Troop carriers enter east Ukraine town bearing Russian, separatist flags

Armed men drive an armoured personnel carrier with a Russian flag seen on the top in Slaviansk By Thomas Grove SLAVIANSK, Ukraine (Reuters) - Six armored troop carriers entered the eastern Ukrainian town of Slaviansk on Wednesday carrying the Russian national flag and the banner of pro-Russian separatists, a Reuters eyewitness said. The vehicles stopped outside the town's city hall which has for several days been occupied by separatists. The second vehicle carried the emblem of the Donetsk People's Republic which a group of separatists proclaimed last week and which the Kiev authorities see as a first step to seeking to break from Ukraine and join with Russia. The men on top of the troop carriers, some of whom were masked, were armed with Kalashnikov rifles, grenade launchers, knives and pistols.


Global shares up on China relief, Ukraine strains remain

Men are reflected in a screen displaying a graph showing the movements of recent share averages outside a brokerage in Tokyo By Marc Jones LONDON (Reuters) - Share markets made broad gains on Wednesday after China reported economic growth a touch above forecasts, a relief for investors who had feared a much weaker outcome. China's economy grew 7.4 percent in the first quarter, from a year earlier, pipping forecasts of 7.3 percent. The relief rippled through Asian markets, with Japan's Nikkei ending up 3 percent - its biggest gain since February. "China is still on a downward path on growth but clearly the market took some relief in that number ... our basic view is that it will be a gradual slowdown rather than a hard landing." The mood had already been lifted by a late rally at the end of a rollercoaster session on Wall Street, thanks mainly to some solid earnings reports.


Asian shares up on China relief, Ukraine strains remain

A man looks at a stock quotation board outside a brokerage in Tokyo By Marc Jones LONDON (Reuters) - Share markets made broad gains on Wednesday after China reported economic growth a touch above forecasts, a relief for investors who had feared a much weaker outcome. China's economy grew 7.4 percent in the first quarter, from a year earlier, pipping forecasts of 7.3 percent. The relief rippled through Asian markets, with Japan's Nikkei ending up 3 percent - its biggest gain since February. "China is still on a downward path on growth but clearly the market took some relief in that number ... our basic view is that it will be a gradual slowdown rather than a hard landing." The mood had already been lifted by a late rally at the end of a rollercoaster session on Wall Street, thanks mainly to some solid earnings reports.


Global shares up on China relief, Ukraine strains remain

A man smokes a cigarette outside The London Stock Exchange By Marc Jones LONDON (Reuters) - Share markets made broad gains on Wednesday after China reported economic growth a touch above forecasts, a relief for investors who had feared a much weaker outcome. China's economy grew 7.4 percent in the first quarter, from a year earlier, pipping forecasts of 7.3 percent. The relief rippled through Asian markets, with Japan's Nikkei ending up 3 percent - its biggest gain since February. "China is still on a downward path on growth but clearly the market took some relief in that number ... our basic view is that it will be a gradual slowdown rather than a hard landing." The mood had already been lifted by a late rally at the end of a rollercoaster session on Wall Street, thanks mainly to some solid earnings reports.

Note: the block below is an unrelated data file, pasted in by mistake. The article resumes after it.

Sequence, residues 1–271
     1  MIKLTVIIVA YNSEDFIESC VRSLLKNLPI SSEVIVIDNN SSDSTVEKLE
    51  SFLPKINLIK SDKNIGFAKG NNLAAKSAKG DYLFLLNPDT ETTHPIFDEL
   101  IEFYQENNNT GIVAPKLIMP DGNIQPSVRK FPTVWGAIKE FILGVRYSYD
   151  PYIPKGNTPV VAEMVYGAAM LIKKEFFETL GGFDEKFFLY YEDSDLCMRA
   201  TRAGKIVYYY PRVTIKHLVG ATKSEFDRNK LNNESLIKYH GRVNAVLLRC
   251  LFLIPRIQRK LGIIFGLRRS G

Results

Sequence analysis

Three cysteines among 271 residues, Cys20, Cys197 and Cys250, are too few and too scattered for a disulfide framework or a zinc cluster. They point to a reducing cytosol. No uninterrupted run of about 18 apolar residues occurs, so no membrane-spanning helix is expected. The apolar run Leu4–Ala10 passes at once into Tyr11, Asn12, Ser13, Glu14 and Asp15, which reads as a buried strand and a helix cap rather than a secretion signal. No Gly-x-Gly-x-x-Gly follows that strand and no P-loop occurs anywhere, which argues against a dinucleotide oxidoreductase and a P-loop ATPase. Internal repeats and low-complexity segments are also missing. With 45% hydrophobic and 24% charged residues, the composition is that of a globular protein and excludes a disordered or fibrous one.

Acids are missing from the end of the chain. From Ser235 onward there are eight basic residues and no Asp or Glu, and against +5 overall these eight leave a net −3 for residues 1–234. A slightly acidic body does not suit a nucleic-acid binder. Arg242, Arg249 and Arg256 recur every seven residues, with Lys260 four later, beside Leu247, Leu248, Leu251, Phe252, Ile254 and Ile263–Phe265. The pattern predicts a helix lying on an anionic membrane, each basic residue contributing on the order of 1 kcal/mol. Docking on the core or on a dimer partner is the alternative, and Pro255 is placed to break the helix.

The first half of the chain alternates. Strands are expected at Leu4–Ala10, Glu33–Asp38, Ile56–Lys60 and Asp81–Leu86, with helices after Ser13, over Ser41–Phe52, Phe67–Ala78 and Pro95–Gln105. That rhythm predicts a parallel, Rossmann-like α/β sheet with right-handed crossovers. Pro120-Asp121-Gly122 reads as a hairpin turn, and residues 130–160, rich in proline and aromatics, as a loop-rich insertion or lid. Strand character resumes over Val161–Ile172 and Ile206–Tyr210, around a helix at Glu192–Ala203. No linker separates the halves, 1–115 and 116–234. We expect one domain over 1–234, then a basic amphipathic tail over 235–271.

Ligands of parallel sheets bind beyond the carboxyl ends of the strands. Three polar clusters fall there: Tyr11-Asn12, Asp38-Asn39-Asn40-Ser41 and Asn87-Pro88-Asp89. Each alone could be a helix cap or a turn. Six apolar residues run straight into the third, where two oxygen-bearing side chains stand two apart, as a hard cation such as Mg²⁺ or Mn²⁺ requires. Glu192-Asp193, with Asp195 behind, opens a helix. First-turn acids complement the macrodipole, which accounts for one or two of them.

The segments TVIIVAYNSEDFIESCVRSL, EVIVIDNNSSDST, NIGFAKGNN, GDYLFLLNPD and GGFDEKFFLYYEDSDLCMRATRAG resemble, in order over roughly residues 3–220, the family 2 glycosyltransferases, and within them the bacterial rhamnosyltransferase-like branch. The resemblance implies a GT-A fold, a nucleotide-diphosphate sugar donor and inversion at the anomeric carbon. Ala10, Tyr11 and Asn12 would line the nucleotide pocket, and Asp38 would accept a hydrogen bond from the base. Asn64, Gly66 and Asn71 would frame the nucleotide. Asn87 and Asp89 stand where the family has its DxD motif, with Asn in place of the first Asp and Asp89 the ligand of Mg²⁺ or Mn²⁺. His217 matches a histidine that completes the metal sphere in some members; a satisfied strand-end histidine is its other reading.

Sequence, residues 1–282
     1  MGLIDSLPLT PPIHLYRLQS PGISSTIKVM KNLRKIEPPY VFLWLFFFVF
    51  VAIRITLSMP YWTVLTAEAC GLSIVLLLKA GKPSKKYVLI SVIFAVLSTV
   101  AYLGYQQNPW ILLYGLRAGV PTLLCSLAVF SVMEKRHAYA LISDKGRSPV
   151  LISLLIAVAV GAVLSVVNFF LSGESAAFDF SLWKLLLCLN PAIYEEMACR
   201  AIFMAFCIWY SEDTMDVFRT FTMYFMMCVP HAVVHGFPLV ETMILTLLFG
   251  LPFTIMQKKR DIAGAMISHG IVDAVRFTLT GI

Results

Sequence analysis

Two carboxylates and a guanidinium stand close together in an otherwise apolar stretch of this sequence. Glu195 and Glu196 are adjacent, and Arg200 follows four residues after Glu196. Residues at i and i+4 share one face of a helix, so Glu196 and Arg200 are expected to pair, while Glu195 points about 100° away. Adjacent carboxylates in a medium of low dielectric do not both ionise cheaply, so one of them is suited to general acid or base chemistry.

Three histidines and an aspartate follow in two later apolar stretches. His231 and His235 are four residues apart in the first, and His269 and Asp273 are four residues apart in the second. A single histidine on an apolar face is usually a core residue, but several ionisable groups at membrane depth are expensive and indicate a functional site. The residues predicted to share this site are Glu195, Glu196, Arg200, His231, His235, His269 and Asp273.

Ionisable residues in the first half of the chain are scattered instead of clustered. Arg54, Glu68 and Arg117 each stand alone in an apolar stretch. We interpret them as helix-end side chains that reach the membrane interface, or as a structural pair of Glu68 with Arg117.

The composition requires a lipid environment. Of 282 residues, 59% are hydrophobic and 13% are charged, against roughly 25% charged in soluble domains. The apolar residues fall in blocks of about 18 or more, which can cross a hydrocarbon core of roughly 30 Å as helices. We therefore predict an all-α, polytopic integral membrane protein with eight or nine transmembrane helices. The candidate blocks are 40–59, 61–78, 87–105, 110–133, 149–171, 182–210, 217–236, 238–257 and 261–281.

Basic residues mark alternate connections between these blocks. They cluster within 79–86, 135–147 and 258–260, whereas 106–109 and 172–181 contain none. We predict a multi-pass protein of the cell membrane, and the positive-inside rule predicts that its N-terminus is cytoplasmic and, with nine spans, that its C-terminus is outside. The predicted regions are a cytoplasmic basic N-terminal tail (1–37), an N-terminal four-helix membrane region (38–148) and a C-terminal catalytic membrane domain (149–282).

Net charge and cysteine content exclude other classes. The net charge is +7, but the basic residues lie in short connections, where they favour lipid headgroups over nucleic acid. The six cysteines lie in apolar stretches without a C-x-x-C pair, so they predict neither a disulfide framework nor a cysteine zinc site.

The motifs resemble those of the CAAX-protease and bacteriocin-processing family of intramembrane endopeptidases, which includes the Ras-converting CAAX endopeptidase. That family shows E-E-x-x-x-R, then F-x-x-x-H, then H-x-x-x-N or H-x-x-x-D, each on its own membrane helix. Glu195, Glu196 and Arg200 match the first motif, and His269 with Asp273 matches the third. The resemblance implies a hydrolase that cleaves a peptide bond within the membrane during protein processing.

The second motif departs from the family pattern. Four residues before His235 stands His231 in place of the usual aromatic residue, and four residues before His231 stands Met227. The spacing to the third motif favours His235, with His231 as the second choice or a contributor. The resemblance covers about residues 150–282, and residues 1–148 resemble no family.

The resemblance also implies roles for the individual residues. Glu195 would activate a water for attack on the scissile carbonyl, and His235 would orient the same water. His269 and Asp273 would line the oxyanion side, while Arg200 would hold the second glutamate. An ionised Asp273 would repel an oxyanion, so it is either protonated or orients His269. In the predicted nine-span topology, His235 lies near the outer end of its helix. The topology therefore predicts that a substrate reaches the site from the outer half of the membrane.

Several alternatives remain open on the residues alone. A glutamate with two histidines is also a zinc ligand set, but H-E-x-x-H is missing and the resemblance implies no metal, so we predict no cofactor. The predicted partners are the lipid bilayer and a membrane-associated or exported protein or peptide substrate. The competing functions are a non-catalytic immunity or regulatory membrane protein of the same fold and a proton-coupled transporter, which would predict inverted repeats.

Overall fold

Putin warns Ukraine on brink of civil war as Kiev sends army in

A Ukrainian soldier stands next to armoured personnel carriers (APC) near Izium on April 15, 2014 Izyum (Ukraine) (AFP) - Russian leader Vladimir Putin warned that Ukraine is on the verge of civil war, the Kremlin said Wednesday, after the Kiev government sent in troops against pro-Moscow separatists in the east of the country. "The Russian president remarked that the sharp escalation of the conflict has placed the country, in effect, on the verge of civil war," the Kremlin said in a statement on telephone talks between Putin and German Chancellor Angela Merkel.


BOJ's Kuroda maintains positive view on economy

Bank of Japan Governor Kuroda gestures as he listens to questions during a news conference at the BOJ headquarters in Tokyo By Leika Kihara TOKYO (Reuters) - Bank of Japan Governor Haruhiko Kuroda on Wednesday affirmed the central bank's upbeat view of the economy, even as global financial markets wobble, stressing that growth will pick up around mid-year as the sting of a sales tax hike fades. Price rises will broaden as the economy continues to improve gradually, Kuroda added, reiterating his view that Japan is making headway towards the central bank's price goal of 2 percent inflation in about a year's time. The comments came a day after Kuroda met with Prime Minister Shinzo Abe to discuss the economy, which drew some market speculation the BOJ may come under pressure to expand stimulus as a rebound in the yen and sliding Japanese share prices cloud the outlook for the world's third-largest economy. The latest Reuters poll showed a growing consensus building in the market that the BOJ will probably not ease until July, with no respondent predicting action at the next rate review on April 30.


Mini-sub aborts again in new setback for MH370 search

Operators aboard ADF Ocean Shield move Bluefin-21 into position for deployment in the search for MH370 on April 14, 2014 Perth (Australia) (AFP) - The hunt for a missing Malaysian plane suffered another setback Wednesday when a second seabed search by a mini-submarine was cut short due to "technical" troubles after the first also aborted in very deep water. Australia's Joint Agency Coordination Centre (JACC) issued a brief statement which spoke of an unspecified "technical issue" with the unmanned Bluefin-21 sonar device. The first mission which began Monday night aborted automatically after breaching the machine's maximum operating depth of 4,500 metres (15,000 feet). "The Autonomous Underwater Vehicle, Bluefin-21, was forced to resurface this morning to rectify a technical issue," JACC said.


South Africa's rand recoups losses after Chinese data, remains vulnerable